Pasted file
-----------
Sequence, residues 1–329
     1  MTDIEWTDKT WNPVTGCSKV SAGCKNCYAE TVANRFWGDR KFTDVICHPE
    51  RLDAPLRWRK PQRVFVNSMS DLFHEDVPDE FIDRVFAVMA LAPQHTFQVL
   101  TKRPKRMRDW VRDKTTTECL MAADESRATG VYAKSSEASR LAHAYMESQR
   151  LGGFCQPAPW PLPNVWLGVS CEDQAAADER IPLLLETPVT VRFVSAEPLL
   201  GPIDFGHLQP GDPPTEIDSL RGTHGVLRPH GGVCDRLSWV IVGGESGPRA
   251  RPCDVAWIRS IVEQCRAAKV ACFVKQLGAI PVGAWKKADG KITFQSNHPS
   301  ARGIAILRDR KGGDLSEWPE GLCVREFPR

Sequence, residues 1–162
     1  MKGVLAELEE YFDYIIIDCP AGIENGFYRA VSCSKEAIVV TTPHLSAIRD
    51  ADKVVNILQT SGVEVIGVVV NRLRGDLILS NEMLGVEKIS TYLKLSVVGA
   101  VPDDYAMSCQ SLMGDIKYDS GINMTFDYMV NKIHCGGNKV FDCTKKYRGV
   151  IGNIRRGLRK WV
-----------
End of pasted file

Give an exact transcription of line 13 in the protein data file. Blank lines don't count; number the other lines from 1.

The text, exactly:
   151  IGNIRRGLRK WV